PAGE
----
Every day we got up and out the gate of the camp as soon as they were open and drove straight to a waterhole which we would choose the night before. Once there we would just wait. Two mornings we were greeted by a pride of lions when we arrived. Even on our way to the waterholes we would see lion (the big male crossing the road below is one such example), hyena and lots of other great game. The trick was to enjoy them but not for too long so you still get to the waterhole before the crowds of tourists in rental vehicles and safari buses get there. This way you stake your claim to a great spot and just sit and enjoy without having to jostle for space later on.
Cheryl spotted this guy 100 m off the road and he proceeded to walk right in front of us.
Our best sighting at a morning waterhole was a pride of lions clearly playing with each other. After an hour or so we even saw a live kill! Mind you it wasn’t what either of us expected a live kill to be. The adult male was going off to have a look at a crane or some other big bird but gave up and sauntered back to the pride. Out of the blue he pounced and as he came up he had a small korhan (bird that lives in the grass and makes lots of noise as you drive past) in his jaws. It was really fun to see. He definitely did not want to share the bird with the others but he kept getting a bunch of feathers stuck in his mouth. Then he played keep-away from the younger male and a female until he eventually he gave up on eating it entirely. How cool!
Playing early in the morning
This bird was his and he wasn’t sharing!
Besides the lions, my favorite part about Etosha was the waterhole at Okakuajo camp. It is a floodlit waterhole with a fence on one side to keep the people in the camp (and maybe some animals out.) Almost every night it is visited by rhinoceroses and elephants looking for a drink. We wound up spending two nights at this camp (due to an on-the-fly change from 2 nights in Olifantsrus to only 1 night so we could go back to the Okakuajo waterhole.) At one point on our second night we saw 6 rhino at one time at the waterhole. One of them was a bit belligerent and clearly didn’t like that some other rhinos had the audacity to drink water at the same time as him and we got to witness an intense stand-off with a lot of grunting and charging. I can’t imagine that I’ll have another opportunity to see something like this so I took hundreds of photos (most of which are extremely blurry because I had to have a long shutter speed but luckily rhino have a high propensity to stand still and play like a rock for a while) and we stayed to enjoy them for hours.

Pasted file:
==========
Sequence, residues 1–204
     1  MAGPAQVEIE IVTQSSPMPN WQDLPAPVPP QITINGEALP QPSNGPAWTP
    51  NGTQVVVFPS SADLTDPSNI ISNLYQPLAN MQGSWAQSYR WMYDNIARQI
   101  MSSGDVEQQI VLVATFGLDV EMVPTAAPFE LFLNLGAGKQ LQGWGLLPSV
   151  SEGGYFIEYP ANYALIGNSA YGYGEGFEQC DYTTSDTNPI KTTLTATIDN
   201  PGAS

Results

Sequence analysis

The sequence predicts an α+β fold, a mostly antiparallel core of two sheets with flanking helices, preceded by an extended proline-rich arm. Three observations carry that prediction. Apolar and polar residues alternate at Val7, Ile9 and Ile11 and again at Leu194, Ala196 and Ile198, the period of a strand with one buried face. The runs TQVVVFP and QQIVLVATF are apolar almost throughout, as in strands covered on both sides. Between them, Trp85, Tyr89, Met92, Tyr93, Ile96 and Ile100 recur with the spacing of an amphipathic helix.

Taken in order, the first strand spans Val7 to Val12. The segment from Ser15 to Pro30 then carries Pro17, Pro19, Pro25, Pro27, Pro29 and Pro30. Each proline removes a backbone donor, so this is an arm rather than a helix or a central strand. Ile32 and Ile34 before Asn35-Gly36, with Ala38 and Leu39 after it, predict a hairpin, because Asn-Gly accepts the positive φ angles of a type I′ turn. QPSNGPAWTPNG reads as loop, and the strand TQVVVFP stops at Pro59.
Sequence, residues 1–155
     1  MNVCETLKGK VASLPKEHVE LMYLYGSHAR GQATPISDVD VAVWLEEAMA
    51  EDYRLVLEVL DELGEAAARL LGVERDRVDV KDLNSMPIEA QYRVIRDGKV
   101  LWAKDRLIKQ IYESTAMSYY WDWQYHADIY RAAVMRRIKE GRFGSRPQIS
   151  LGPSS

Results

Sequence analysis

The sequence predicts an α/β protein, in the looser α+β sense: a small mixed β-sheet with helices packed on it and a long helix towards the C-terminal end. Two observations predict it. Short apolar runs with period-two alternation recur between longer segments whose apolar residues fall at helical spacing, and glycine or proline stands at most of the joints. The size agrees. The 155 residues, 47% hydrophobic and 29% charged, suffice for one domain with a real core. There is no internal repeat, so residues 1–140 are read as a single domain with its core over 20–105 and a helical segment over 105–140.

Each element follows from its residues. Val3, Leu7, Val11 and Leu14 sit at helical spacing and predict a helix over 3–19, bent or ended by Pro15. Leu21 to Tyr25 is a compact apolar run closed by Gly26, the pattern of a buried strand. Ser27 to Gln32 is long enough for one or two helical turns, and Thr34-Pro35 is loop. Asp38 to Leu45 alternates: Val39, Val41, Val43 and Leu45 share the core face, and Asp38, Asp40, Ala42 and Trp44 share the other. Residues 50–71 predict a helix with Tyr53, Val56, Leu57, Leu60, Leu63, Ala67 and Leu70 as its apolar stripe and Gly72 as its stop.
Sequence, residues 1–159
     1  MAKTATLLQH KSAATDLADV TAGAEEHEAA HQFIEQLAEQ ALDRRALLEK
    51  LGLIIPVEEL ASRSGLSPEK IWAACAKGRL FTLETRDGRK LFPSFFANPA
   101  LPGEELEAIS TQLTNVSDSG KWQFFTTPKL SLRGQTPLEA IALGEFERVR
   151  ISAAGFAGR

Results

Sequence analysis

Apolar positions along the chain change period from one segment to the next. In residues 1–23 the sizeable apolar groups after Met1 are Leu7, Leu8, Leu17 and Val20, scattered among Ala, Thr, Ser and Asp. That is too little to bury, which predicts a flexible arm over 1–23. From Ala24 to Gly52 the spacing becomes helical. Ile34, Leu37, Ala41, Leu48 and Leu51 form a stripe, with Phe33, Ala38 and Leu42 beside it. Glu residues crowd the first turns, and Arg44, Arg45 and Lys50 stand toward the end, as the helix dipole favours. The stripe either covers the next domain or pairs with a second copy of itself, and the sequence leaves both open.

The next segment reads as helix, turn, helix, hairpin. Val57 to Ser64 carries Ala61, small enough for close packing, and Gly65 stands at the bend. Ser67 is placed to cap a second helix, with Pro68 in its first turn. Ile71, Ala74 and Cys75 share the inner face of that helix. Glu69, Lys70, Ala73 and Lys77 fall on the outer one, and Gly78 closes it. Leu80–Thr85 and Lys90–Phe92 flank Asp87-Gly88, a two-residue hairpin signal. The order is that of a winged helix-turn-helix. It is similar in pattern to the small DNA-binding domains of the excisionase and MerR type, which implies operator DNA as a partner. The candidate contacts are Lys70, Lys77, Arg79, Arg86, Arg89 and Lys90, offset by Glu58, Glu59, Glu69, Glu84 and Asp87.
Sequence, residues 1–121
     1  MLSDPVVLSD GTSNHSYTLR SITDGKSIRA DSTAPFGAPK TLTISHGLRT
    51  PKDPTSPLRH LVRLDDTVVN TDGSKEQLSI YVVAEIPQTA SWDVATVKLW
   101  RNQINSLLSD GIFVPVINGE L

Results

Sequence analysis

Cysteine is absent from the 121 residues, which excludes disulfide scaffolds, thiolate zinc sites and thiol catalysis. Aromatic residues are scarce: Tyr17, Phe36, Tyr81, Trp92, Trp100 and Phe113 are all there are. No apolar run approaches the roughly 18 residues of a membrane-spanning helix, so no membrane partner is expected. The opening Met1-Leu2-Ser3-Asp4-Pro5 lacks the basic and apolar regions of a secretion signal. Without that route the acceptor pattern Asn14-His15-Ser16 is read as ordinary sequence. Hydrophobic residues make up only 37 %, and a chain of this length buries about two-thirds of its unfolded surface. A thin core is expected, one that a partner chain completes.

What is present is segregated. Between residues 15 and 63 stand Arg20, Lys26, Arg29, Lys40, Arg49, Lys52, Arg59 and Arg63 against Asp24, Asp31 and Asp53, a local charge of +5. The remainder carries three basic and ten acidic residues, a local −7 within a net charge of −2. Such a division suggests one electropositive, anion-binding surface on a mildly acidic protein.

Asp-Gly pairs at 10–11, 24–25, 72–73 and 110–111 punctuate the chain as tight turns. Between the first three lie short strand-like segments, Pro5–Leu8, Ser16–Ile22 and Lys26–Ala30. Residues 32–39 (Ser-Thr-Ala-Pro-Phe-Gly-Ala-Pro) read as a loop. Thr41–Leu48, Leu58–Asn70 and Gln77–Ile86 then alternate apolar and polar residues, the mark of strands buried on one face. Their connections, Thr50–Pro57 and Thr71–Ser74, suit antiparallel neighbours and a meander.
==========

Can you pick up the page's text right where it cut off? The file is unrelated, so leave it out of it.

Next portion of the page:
Mama rhino and her baby. Notice they cut off some of the rhino horns, like this female’s. We think it was an anti-poaching method since it doesn’t hurt the rhino this way.
Two rhinos with a lot of grunting and harumphing. Eventually one got bored but not after a few charges. It was too dark to capture any of the charges nicely though.
Didn’t see much as we entered the park a bit late and had to drive back to the main gate to sort out that we reside in South Africa so are supposed to pay less then residing in ‘foreign’ which was the other option (besides, of course, Namibia). Still did see some nice plains game on the side of the tar road though.
Jackals playing, lots of black-faced impala, giraffe, honey badger, hyena, eland, steenbok, a couple elephants, and of course zebra, kudu, springbok etc.
11 lions, jackals, 3 cheetah (and a missed kill), lots of elephants, 5 rhino, lots of different birds (I’ve turned into quite a “birder by convenience” as Cheryl calls me. I’m interested in birds when there’s not something else interesting to see. Sounds about right.) and of course all of the other good stuff.
More rhino, hyena eating, 1 big male lion crossing road right in front of us, 7 additional lion just lazing around, leopard, and a really cool waterhole experience with giraffe, zebra and a rhino all trying to drink at the same time.
Tons and tons and tons of elephants, 3 more lion (another solitary male and 2 females), lots of cool kudu and herds of zebra and of course the great rhino experience I described above.
Got up early to head straight out of the park. Took a quick waterhole stop and saw a few jackals. No big bang hurrah to say goodbye but we left with great memories from the previous days.
Next stop: Swakopmund!